Self-Care: A Key to Good Mental Health
Self-care means honoring and respecting the miraculous woman that you are.
Self-care means learning to listen with the ear of a dedicated mother to your own physical, emotional, spiritual, and relationship needs, and then taking full responsibility for getting them met.
Self-care means taking 100% responsibility for creating an environment that nurtures your physical, emotional, and spiritual selves.
Self-care strengthens your resiliency, which can reduce susceptibility to burnout. Self-care is not just a matter of making healthy lifestyle choices. It also includes self-compassion, having healthy boundaries, being attuned to your needs, and staying true to your values. Self-neglect takes a toll on your health, relationships, and your effectiveness.
Why self-care is an issue:
Many adults never learned how to take care of themselves because of childhood abuse; childhood neglect; family dysfunctions such as alcoholism, illness and delayed social and emotional development in adult caregivers that impairs the emotional intelligence of both children and adults.
The Four Essentials of Self-Care
1. Social and Emotional Intelligence
This form of intelligence involves learning a set of skills that include:
Self awareness: involves understanding and identifying feelings; knowing when one’s feelings shift; understanding the difference between thinking, feeling and acting; and understanding that one’s actions have consequences in terms of others’ feelings.
Emotional self-regulation: expressing and managing strong feelings, controlling impulses and using anger constructively.
Self-motivation: the ability to imagine yourself doing something and setting goals and to persevere towards these goals with optimism and hope, even in the face of setbacks
Self-regulation: the ability to manage one’s behavior and impulses, to maintain focus and stay on task even if there are other more enticing alternatives available. Self-regulation impacts not just how children get along with one another but also how they can focus and learn in the classroom.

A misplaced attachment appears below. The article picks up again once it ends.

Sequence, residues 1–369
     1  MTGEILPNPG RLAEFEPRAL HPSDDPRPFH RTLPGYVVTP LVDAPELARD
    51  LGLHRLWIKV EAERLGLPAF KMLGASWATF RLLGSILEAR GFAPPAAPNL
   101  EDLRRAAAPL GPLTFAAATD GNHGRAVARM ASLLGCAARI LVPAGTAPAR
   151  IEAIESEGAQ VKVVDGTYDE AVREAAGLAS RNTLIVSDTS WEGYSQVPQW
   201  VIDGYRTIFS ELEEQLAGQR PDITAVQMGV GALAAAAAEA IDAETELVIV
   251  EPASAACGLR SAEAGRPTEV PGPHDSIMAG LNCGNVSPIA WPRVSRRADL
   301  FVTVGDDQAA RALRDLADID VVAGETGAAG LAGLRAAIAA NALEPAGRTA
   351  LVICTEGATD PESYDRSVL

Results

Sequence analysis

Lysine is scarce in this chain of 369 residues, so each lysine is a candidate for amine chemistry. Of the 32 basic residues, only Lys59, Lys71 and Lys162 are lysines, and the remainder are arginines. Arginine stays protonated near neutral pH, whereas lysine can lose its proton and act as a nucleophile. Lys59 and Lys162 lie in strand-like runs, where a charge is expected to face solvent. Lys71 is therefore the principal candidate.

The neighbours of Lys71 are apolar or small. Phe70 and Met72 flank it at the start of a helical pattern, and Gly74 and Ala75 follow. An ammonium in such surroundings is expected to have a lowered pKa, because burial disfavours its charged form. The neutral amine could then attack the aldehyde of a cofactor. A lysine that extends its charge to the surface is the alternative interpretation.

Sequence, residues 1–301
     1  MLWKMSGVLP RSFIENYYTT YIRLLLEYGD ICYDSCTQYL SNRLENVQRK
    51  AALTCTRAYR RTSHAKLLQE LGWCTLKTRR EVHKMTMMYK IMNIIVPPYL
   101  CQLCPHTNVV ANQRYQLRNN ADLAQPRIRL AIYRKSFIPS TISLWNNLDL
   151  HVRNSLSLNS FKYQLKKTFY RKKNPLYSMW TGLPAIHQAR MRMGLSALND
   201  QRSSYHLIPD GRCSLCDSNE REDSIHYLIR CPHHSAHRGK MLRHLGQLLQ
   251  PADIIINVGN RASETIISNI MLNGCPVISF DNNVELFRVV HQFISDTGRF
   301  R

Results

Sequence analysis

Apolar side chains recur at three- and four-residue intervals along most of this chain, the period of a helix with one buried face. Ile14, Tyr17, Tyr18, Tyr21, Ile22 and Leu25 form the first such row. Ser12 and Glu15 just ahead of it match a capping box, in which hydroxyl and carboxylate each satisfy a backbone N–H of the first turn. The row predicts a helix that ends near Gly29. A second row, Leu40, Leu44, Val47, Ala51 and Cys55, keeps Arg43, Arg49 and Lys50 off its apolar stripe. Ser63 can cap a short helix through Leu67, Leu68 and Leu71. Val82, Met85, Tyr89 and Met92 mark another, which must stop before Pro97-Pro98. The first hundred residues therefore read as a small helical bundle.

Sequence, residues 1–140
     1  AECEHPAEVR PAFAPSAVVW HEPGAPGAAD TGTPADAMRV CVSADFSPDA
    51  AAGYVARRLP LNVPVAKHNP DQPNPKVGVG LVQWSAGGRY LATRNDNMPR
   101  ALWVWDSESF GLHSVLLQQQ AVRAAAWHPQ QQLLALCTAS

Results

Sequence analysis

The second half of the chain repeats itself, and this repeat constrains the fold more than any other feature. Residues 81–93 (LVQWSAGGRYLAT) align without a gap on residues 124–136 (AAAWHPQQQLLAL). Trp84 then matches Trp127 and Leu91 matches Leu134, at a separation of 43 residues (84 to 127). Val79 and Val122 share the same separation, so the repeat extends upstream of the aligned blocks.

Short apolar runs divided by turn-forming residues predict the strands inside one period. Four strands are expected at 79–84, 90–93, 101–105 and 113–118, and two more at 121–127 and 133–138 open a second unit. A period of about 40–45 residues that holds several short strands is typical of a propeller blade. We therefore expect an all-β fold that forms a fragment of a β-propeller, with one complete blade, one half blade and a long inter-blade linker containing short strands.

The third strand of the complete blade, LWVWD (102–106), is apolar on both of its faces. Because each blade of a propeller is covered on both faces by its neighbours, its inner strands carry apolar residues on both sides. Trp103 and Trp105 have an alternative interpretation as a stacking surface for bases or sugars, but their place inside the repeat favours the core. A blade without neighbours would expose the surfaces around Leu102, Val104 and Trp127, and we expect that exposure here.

Social interactions & empathy: Empathy is the ability to put yourself “in someone else’s shoes” and to accurately read and comprehend emotional states in others. It also involves being able to receive someone’s perspective and being able to show that you care.
Relationship management: This is the ability to establish and sustain relationships, to resolve conflicts, to cooperate socially and to learn collaboratively.
Each of these skills develops in sequence and builds on one another.
First children learn to understand and recognize their own feelings. Next they learn to give language to those feelings, and then they learn that others have feelings and to empathize with them. As children grow older, they learn to manage their emotions, to shake off feelings of anxiety, sadness, or frustration and to delay gratification in order to achieve a goal.
As adults, those skills determine whether a person becomes a mediocre salesman or a successful one who can read the emotional response of a prospective client.
These skills help athletes persevere until they win their gold medals.
They help spouses empathize with one another to de-escalate arguments
They help people avoid injuring others because they can understand how such actions would cause pain.
Self-regulation is the capacity to control one’s impulses both to stop doing something that is unnecessary (even if one wants to continue doing it), and to start doing something that is needed (even if one does not want to do it).
This ability to inhibit one response and to enact another on-demand is a skill used in thinking as well as social interactions. The child who does not have self-regulation at 5 years of age is the child who cannot follow the teacher’s directions at age 6 or who cannot plan how to solve a problem at age 7. The child without self-regulation of emotions at age 4 will not be able to control his temper at 5 and will have negative peer interactions at age 7.
3. Brain Development and Self-Regulation